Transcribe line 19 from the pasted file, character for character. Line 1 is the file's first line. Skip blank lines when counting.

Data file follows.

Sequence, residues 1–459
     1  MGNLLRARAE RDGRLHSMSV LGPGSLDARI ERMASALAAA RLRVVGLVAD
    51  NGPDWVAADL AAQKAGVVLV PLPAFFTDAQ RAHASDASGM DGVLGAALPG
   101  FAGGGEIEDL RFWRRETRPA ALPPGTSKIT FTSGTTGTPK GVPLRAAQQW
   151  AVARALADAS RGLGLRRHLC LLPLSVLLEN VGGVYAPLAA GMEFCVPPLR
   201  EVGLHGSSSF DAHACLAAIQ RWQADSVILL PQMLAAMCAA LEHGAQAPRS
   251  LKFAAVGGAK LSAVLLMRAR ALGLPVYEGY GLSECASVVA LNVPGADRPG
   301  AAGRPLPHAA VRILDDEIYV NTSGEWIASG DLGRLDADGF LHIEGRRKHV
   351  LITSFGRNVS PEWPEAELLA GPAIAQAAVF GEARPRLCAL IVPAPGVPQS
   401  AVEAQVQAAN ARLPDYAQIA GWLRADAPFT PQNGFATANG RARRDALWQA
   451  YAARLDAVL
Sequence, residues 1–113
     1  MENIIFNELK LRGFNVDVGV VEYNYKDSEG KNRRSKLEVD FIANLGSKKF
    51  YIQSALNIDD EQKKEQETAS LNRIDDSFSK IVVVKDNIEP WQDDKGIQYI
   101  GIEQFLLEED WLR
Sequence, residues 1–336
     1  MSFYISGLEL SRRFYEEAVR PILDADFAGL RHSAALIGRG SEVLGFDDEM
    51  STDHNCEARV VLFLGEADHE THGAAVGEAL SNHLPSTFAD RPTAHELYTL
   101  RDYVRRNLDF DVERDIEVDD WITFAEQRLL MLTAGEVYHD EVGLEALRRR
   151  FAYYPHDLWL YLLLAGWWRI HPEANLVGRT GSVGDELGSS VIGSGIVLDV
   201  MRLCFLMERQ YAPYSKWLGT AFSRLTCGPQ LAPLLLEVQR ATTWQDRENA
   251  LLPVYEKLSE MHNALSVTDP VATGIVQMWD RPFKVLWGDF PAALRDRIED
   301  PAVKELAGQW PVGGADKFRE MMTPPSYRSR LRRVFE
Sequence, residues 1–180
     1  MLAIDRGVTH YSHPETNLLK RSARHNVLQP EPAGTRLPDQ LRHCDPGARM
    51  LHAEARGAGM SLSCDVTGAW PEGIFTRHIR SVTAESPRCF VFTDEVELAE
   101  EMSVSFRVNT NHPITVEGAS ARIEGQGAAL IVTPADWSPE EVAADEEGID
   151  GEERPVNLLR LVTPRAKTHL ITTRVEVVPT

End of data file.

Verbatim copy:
   101  RDYVRRNLDF DVERDIEVDD WITFAEQRLL MLTAGEVYHD EVGLEALRRR